Flying Coaches

In 1754, a new coach service called the “Manchester Flying Coach” was introduced. But it still took four and a half days to travel the 182 miles to London. In 1758, it was joined by the “Liverpool Flying Machine”. This covered the 206 miles to London in only three days, the fare being two guineas.

“Flying” had implied speed since the days of the Flying Waggons. The secret behind the new faster coaches was the use of teams of horses stationed along the route and changed at regular intervals, and eventually the prefix “fly” came to signify this. In addition to the “Flying” coaches, “fly-wagons” carried goods by road, and “fly-boats” did the same on the canals. They were all were faster than ordinary wagons and boats because they, too, relied on regular changes of horse.

There followed a period of intense development of the roads and the services running on them. Many turnpikes were created. Road users had to pay, but that meant that, despite inefficiencies in the turnpike system, more money was spent on roads. Engineers such as "Blind Jack" Metcalf, and later John McAdam, and Thomas Telford straightened the routes, improved the road surface, and built bridges to take roads leaping over rivers. The “flying” horses and improved roads enabled stage-coaches to travel faster.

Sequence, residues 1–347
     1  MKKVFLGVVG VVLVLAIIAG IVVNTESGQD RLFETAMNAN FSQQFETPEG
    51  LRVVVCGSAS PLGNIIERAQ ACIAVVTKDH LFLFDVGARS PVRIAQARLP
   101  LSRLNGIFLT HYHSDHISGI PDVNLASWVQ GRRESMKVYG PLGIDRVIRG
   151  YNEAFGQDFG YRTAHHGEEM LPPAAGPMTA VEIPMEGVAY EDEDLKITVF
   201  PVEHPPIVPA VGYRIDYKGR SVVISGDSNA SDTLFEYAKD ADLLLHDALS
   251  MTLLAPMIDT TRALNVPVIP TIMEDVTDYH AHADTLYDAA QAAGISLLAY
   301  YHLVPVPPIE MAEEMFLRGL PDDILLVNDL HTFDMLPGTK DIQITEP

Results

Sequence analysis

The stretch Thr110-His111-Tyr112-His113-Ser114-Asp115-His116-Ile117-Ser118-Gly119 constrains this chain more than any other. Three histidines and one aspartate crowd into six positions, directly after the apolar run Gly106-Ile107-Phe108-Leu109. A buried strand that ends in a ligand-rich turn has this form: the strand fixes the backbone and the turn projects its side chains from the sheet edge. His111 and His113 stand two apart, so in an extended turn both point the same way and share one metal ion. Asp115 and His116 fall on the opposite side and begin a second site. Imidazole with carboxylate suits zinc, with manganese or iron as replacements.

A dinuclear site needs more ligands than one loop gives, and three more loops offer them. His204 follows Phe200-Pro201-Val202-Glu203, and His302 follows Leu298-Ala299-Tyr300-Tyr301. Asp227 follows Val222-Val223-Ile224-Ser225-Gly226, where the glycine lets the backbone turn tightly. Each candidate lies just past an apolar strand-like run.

By the late 1700s this rate of progress had continued. The pressure to move goods and people faster and more cheaply simply never slowed.

The canal system enabled enormous loads of raw materials and finished goods to be transported, albeit at a walking pace and only when the canals were not frozen over in Winter, but that’s another story. On the roads the need for speed continued.

There followed a period of intense development of the roads and the services running on them. Many turnpikes were created. Road users had to pay, but that meant that, despite inefficiencies in the turnpike system, more money was spent on roads. (See Turnpikes page).

Engineers such as "Blind Jack" Metcalf, and later John McAdam, and Thomas Telford straightened the routes, improved the road surface, and built bridges to take roads leaping over rivers. (See road making pages).

The "flying" horses and improved roads enabled stage-coaches to travel faster and faster.


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Section 4:

The Coaches

Introduction

‍ The world of long-distance coach travel.

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Britain’s roads were pretty impassable for most of our history.  Coach travel was very difficult until they improved

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